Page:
On the other side of the equation, California regulators continue to struggle with the still-unlicensed operators who have decided that it’s better to continue operating unregulated and unlicensed—and tolerate the ongoing risk of a crackdown—than it is to incur the costs of compliance. That calculus depends largely on the robustness of the state’s enforcement efforts, which, like the federal government’s priorities, has also been somewhat of an open question. Two recent developments in California suggest what direction the Department of Justice may be headed on the question of cannabis enforcement. Perhaps even more interesting, however, is how the interests of the federal government and the state of California have apparently converged—if only for a moment—on the issue of cannabis enforcement.

Recently, hundreds of federal agents and local law enforcement officers conducted raids at 74 houses in and around Sacramento, in the Eastern District of California, and filed more than 100 civil asset forfeiture actions against residential properties. The houses, many gutted to make room for indoor grow rooms, were reportedly part of a Chinese organized crime operation for the secret cultivation and export of cannabis, and may have been purchased with funds of dubious origin. But the U.S. Attorney in charge of the enforcement action made clear that it had nothing to do with California’s cannabis regulatory regime, as the authorities weren’t conducting actions interfering with state cannabis laws, and that the alleged actions would be “illegal under anybody’s law.” Needless to say, the suspects did not have state or local licenses to conduct any cannabis activity.

In United State v. Gilmore, a case on appeal from the Eastern District of California, the court held that the operators of an El Dorado County cannabis garden on federal land were not entitled to the protections of the Rohrabacher-Blumenauer amendment, which restricts DOJ funds from being used to prosecute medicinal cannabis in states where it is legal. The court reasoned that nothing in federal or California law purports to allow anyone to grow cannabis on federal lands: In other words, there is no set of circumstances under which this operation would be compliant with state law. (Of particular note was the court’s rejection of the appellants’ claim that they were unaware they were growing on federal land—a good plug for the value of due diligence in a real estate transaction).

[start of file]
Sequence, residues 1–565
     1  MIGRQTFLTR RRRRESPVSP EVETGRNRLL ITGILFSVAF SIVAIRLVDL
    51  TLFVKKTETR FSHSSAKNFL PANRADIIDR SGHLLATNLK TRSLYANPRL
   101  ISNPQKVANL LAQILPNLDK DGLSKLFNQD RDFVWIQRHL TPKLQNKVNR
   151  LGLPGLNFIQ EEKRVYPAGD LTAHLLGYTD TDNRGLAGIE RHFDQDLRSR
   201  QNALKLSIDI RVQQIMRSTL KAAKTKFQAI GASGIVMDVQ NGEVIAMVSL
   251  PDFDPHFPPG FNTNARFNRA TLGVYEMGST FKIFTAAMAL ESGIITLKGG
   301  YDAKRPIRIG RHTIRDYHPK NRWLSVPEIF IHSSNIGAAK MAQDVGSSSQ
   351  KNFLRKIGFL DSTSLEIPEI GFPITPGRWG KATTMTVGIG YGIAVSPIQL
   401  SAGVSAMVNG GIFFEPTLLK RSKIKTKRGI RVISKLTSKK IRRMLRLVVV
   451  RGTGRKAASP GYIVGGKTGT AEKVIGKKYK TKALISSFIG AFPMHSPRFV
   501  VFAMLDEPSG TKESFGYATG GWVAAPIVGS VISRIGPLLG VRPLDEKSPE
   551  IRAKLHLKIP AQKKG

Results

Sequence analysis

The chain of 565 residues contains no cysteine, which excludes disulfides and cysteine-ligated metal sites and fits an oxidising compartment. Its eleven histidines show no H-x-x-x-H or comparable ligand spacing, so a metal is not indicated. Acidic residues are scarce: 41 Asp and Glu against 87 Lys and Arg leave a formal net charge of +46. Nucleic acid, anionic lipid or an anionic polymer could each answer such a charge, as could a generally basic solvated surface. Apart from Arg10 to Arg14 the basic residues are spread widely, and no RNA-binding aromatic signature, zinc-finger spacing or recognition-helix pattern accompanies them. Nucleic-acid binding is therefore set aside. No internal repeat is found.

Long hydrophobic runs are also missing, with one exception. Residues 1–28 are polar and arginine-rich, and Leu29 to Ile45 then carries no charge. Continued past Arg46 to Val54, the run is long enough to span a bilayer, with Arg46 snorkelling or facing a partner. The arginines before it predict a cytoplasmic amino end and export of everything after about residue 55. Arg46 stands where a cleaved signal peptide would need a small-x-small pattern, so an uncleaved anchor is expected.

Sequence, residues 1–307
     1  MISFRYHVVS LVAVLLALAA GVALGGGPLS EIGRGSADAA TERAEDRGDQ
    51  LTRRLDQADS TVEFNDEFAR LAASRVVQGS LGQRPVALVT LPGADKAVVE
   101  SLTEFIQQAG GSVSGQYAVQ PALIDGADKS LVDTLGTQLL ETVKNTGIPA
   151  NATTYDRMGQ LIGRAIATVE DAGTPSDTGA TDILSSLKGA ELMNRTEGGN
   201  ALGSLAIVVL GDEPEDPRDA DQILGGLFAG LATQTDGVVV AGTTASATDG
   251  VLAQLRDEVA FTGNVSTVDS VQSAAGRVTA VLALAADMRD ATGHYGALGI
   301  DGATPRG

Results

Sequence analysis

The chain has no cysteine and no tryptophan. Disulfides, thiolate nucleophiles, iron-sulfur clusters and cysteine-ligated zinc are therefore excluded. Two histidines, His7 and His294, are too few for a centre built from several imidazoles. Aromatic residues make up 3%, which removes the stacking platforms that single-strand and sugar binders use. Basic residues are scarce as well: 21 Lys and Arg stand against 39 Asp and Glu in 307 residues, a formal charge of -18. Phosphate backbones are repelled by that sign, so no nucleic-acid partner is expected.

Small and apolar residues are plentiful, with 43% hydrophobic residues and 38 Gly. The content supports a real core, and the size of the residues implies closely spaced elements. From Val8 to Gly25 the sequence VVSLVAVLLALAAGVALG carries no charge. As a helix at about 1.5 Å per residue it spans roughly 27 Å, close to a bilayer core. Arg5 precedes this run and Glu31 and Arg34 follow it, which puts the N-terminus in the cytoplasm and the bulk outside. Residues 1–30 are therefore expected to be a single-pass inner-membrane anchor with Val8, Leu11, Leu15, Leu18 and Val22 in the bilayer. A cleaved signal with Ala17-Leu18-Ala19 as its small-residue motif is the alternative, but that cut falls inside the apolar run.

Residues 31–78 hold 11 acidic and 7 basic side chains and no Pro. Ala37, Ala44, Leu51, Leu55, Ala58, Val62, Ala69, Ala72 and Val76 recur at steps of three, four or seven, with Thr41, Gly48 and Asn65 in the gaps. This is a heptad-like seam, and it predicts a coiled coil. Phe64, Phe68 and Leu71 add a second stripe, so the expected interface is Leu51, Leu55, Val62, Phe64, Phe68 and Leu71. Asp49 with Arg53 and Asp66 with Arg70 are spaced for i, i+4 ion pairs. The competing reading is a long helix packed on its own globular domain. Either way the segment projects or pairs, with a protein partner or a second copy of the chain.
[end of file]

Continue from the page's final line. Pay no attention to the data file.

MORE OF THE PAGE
In both the Sacramento and El Dorado County cases, the federal government carried out or continued enforcement actions against operators who were neither licensed nor in compliance with state law. Also in both cases, the exit of unlawful operators from the marketplace furthered the state of California’s regulatory priorities; local law enforcement even assisted with the Sacramento raids. It is not clear what DOJ’s cannabis enforcement priorities will be going forward, but it cannot be ignored that at least in these two cases, the interests of both governing bodies were served, and under circumstances consistent with Cole Memo priorities to boot. It begs the question of what might result from future alignments of priorities, but the reality is that California has an unregulated black market cannabis problem, and at least in these two cases, that problem was alleviated to some degree.

California marijuana manufacturer
Finally, a boost for small manufacturers.

This past Friday, the California Department of Public Health—the agency charged with regulating commercial cannabis manufacturing—issued new emergency rules to allow certain types of manufacturers to operate in shared use facilities and on shared equipment, under essentially a sort of timeshare sublease arrangement. The move is a win for small, medium, and artisan manufacturers that don’t have the budget to buy commercial property or take on an expensive lease, and who have the ability to run a lean operation without large space requirements.

The new rules require an existing “primary licensee” with a Type 6 (nonvolatile extraction), Type 7 (volatile extraction), or Type N (infusion) license that either owns or leases suitable manufacturing space. If the locality approves of the arrangement and issues the appropriate permits, the primary licensee can then enter into a use agreement with multiple “Type S” licensees— manufacturers that can engage in packaging and labeling, food infusion, and some butter and oil extraction operations required for the infusion process, all in the same space, as long as they have less than $500,000 in annual revenue.

Each Type S licensee must have their own designated space to store their cannabis and cannabis products, and the shared-use facility must have a security plan as with any other licensee. Under this new arrangement, however, Type S licensees can have exclusive access to the shared-use facility and equipment at their own designated times, like a time share. The California Bureau of Cannabis Control’s existing rules prohibit licensees from subletting all or part of a licensed premises. But under the new Type S rules, the use agreement creating the shared-use arrangement satisfies the requirement of lessees to demonstrate the legal right to occupy a space and obtain landlord approval for the proposed cannabis activity, implying that the relationship is akin to a sublease and thus seemingly creating a limited exception to the prohibition.